As you may have noticed if you are a regular watcher or member of the group I love to interview the group staff members and I am always delighted with the diversity of answers I can get when posing the exact same questions.
swiftmoonphoto has a very impressive and expressive photographic gallery here on DeviantArt. From portraits to infrared and from conceptual to starscapes of course, you would logically think the guy is a professional and experimented photographer.
He has an eye, for sure....
Swift currently works as a USAF bomb disposal technician.
It was my pleasure to conduct this interview with him and I hope you will enjoy reading it as much as I am enjoying myself publishing it!
- When was your first encounter with the stars at night? Do you remember how old you were the first time you looked above and thought "Wow"?
I grew up western Montana surrounded by wilderness areas hundreds of miles from any towns bigger than a couple thousand people. My childhood was all forests and mountains and wild places. Honestly, I took the stars for granted. A "Wow" moment didn't come until after I had lived in places with too many people and too few trees for a while. A classic case of "You don't know what you've got 'til it's gone."
- How do you feel when you look at the universe?
Safe. That probably sounds strange, but if you ever start to understand the true scale of the universe you start to see that the things you do are pretty inconsequential and very consequential all at the same time. You only have to worry about things as much as you might want to, and the need to be successful sort of melts away. Buy a cup of coffee for a homeless guy, or donate millions to start an international charity organization, it's all the same to the stars. I think this is similar to what religious people feel when they "Leave things in God's hands."
- What is the first thing you do when you start preparing yourself for a night shooting session?
The first thing I do is to file leave for the day after. I'm too old to be staying up all night and getting up to PT at 5 AM.
- Tell us what is it you take with you exactly for your session
My heaviest tripod. This is the most important thing for long exposures.
2 Nikon D700s, one for visible light and one converted for IR (they are exactly the same except for a piece of glass inside the camera so I can swap out bodies and get exactly the same shot and then overlay them to get visible/IR blends. (in theory, I've yet to actually pull it off)
A Polarie Vixen star tracking tripod accessory. You put this on your tripod and then aim it at the North Star and it rotates your camera against the rotation of the earth so you can get several minute exposures without star trails. This allows for lower ISO and smaller apertures. I prefer it to using software to combine multiple exposures.
Nikon's amazing 14-24mm F2.8 lens.
A wireless shutter control and a sheet of black paper. Put the paper in front of the lens, open the shutter, and then remove the paper to eliminate shutterslap.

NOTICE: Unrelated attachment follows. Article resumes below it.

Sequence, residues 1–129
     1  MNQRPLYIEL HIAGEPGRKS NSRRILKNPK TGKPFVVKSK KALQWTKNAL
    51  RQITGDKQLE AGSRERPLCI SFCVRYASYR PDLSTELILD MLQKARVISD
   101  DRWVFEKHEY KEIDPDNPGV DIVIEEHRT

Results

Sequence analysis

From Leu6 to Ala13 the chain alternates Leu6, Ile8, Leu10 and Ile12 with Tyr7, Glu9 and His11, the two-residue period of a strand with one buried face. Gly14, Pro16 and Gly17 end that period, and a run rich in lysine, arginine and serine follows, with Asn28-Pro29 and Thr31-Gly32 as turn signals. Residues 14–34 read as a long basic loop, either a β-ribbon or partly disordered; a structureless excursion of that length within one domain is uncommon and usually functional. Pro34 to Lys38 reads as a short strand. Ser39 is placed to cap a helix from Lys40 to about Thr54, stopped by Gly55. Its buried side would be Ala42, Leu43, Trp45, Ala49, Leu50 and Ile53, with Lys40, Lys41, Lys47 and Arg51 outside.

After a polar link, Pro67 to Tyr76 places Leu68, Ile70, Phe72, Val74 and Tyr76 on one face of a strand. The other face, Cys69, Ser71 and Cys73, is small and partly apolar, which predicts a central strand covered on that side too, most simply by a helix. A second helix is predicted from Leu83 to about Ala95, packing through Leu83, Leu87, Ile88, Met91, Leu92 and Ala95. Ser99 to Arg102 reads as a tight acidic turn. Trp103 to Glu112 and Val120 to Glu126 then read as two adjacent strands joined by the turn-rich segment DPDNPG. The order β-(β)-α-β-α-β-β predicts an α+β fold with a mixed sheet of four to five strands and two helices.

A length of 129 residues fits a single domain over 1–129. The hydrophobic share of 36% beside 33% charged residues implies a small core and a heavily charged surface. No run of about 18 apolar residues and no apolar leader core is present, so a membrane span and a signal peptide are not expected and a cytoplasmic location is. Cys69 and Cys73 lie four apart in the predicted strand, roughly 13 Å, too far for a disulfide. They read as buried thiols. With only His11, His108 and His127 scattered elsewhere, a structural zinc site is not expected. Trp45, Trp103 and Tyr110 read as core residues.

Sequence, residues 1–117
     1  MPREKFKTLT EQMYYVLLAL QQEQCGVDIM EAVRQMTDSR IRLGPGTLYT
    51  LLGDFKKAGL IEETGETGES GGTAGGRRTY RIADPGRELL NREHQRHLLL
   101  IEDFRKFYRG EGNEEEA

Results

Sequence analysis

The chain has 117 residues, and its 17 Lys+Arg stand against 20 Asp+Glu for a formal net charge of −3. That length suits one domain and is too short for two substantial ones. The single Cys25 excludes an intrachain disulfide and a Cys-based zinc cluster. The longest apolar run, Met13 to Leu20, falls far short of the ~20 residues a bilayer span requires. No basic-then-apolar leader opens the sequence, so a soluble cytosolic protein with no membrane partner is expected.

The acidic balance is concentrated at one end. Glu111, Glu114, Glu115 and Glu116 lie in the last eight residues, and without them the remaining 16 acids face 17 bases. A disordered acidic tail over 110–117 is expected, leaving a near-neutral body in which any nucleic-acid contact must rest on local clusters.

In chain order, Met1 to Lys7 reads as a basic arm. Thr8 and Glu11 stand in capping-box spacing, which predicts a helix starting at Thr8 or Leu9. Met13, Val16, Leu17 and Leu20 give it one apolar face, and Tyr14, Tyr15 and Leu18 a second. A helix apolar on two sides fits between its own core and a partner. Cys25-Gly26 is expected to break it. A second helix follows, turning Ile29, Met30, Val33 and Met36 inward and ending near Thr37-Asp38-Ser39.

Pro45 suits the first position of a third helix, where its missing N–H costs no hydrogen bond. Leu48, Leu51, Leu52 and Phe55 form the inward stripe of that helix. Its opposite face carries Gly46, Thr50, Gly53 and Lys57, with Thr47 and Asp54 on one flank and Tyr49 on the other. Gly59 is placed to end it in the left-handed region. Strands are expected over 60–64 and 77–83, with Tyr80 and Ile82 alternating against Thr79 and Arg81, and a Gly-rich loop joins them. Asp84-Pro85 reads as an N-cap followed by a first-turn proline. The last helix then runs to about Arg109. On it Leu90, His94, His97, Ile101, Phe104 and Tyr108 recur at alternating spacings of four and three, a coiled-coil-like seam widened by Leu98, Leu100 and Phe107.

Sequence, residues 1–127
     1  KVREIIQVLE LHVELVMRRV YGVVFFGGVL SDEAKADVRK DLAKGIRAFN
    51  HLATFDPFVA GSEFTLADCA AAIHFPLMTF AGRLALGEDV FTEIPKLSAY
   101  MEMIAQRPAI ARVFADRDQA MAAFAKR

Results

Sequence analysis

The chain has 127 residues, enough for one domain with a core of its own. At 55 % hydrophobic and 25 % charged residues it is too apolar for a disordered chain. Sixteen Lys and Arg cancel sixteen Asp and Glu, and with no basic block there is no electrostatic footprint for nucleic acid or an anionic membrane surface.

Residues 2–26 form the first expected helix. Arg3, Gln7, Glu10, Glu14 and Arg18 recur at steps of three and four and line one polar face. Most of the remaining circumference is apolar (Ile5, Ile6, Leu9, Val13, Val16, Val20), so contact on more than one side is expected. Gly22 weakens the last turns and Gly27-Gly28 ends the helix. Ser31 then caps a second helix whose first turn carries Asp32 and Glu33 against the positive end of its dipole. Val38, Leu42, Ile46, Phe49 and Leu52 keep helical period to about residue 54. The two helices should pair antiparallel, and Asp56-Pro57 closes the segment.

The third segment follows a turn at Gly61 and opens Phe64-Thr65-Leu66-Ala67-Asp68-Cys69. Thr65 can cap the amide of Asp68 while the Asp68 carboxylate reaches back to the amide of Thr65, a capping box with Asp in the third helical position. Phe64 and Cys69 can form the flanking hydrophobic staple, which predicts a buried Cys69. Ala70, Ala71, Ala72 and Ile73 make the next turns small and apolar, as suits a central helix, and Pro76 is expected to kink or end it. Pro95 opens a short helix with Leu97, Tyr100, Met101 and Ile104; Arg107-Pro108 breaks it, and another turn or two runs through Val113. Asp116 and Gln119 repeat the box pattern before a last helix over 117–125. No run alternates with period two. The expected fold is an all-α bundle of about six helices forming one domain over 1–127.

A red LED key-fob light to see what I'm doing without ruining my nightvision.
My ipod and my huge headphones to listen to music and keep my ears warm.
The Skyview App on my iphone, which I use to see what the stars will look like at 2AM so I can set up gear/compose my shot/get foreground shots in the daylight.
A pocketfull of chili peppers, eating them keeps me awake and alert better than caffeine.
- Do you like to improvise or would you rather have everything set and clear when you shoot?
I'm more of an anal retentive, make everything "just so" kind of guy. But somehow it seems that a lot of the time, the stuff I improvise comes out better.
- Do you make use of light painting to enhance the trees, bushes, houses and places you are shooting along with the stars?
I usually shoot a few exposures at dusk, just before the stars come out with a higher wavelength white balance for foregrounds and use software to combine it with the starfield I shoot later. If I have a subject like a model or a certain tree I'll use a speedlight light-paint.
- Would you want to share some special stories and/or memories associated with some of your stellar shooting?
I was doing some night shooting on a tiny firebase in Afghanistan when one of the Afghan interpreters approached and asked what I was doing. He was from a little village near Pakistan without electricity or running water and had absolutely no scientific education. We talked for hours about what stars are, how they burn, how they are made, how they clump into galaxies, how we are part of a galaxy ourselves, how men had gone to the moon, and how stupid the war we were fighting in was in that context.
- Do you have favorite places you often tend to return to when star shooting and what are they?
Afghanistan, there is really no light pollution there, I hope that I can safely go back someday when I'm old. Mono Lake here in California, it's the closest place with true black skies. Canyonlands in southern Idaho.
- If you could use a teleporter and transport yourself to the location of your dreams - what would it be?
A rogue planet about 250,000 light years "north" of the Milky Way. I'd like to see what our galaxy looks like from that vantage point.